Americas Economic Development during the Colonial Period
During the 17th and 18th centuries, European nations were heavily influenced by the economic system of mercantilism—a system which aims at maximizing the wealth of a nation (Scott, 2001).Europeans came to the Americas to increase their wealth, expand their influence, gain more power, and build an empire.To acquire wealth for their motherland, Europeans had to have colonies.
The colonists regulated the economic activities of their colonies and then accumulated wealth for the European powers (Score, 2006).
From 1607 to 1732, the Europeans colonized thirteen countries, grouped as follows: (1) New England Colonies (New Hampshire, Massachusetts, Rhode Island, and Connecticut)—more on shipbuilding and fur trading; (2) Middle Colonies (New York, New Jersey, Pennsylvania and Delaware)—more cosmopolitan and trading raw materials for manufactured items; and (3) Southern Colonies (Maryland, Virginia, North Carolina, South Carolina and Georgia)—predominantly rural economy (Conte & Karr, 2001).
The discovery of these countries resulted in a movement of European populations into the colonies. This demographic change facilitated the economic progress of the colonies. Their citizens of different origins developed a synergy to live together in harmony; utilized their crafts; and created towns with shops, markets, town halls (Think Quest). As the colonies became prosperous, the English realized that the colonies could expand their trade and further prosper.
In 1650s and 1660s, England instituted a set of Navigation Acts to limit colonial trade solely to British—and colonies’ exports to and imports from other countries had to be shipped through Great Britain, thereby increasing the latter’s import duty collections, and incomes for re-exportation of goods (Scott, 2001). These trade restrictions somehow benefited the colonies, e. g. , New England’s ship building industry benefited from foreign competition protection, South Carolina gained from an indigo subsidy, North Carolina profited from bounties on tar and lumber, and various other exporters benefited from zero import tariffs (Scott, 2001).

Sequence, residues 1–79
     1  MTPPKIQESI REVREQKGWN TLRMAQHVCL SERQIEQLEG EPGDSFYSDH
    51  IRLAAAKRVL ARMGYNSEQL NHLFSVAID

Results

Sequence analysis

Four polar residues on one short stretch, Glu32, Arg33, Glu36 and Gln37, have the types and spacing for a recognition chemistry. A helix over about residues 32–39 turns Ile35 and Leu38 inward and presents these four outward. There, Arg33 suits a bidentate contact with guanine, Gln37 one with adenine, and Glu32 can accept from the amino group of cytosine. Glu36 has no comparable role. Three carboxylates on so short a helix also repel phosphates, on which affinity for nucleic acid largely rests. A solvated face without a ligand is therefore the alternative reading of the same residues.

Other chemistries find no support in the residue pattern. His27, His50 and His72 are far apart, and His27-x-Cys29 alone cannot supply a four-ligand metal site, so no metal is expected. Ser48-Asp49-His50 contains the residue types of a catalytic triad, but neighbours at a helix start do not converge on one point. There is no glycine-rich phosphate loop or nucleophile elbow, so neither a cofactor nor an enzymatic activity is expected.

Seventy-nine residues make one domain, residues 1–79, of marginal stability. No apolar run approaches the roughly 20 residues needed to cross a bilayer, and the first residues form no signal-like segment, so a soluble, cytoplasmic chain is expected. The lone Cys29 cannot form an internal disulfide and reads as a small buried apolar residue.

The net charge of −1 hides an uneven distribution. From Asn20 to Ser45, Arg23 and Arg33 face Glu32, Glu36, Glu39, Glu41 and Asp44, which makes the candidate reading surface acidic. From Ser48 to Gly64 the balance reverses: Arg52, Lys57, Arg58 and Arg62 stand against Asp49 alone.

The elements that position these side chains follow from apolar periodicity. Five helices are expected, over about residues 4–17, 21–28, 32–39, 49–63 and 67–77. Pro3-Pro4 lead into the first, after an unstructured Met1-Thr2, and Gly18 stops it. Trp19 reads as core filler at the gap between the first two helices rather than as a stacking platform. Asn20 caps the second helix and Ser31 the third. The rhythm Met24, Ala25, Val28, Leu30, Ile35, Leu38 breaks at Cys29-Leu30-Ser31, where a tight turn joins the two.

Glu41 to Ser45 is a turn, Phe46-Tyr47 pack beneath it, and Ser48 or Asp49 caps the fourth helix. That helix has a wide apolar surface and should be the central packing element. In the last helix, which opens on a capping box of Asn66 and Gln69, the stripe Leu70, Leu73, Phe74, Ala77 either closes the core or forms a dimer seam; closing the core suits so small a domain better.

The Navigation Acts were strictly enforced in 1763, which heightened the interest of the colonies to gain their independence from Britain (Scott, 2001). References Conte, Christopher, and Albert R. Karr. (2001). Chapter 3 – The U. S. Economy: A Brief History. An Outline of the U. S. Economy. Retrieved May 25, 2008, from U. S. Department of State’s Bureau of International Information Programs Web site: http://usinfo. state. gov/products/pubs/oecon/chap3. htm. Score. (2006). A Study of the colonial economy from 1600-1750.
Retrieved May 25, 2008, from Schools of California Online Resources for Education (Score) Web site: http://score. rims. k12. ca. us/score_lessons/. Scott, Carole E. (2001). Mercantilism and the American Revolution. In American Economic History. Retrieved May 25, 2008, from Ancestry. com Web site: http://freepages. history. rootsweb. ancestry. com/~cescott/mercan. html. Think Quest. (n. d. ). The Colonial Period. Retrieved May 25, 2008, from Oracle Education Foundation Web site: http://library. thinkquest. org/C007803/colonia_period. htm.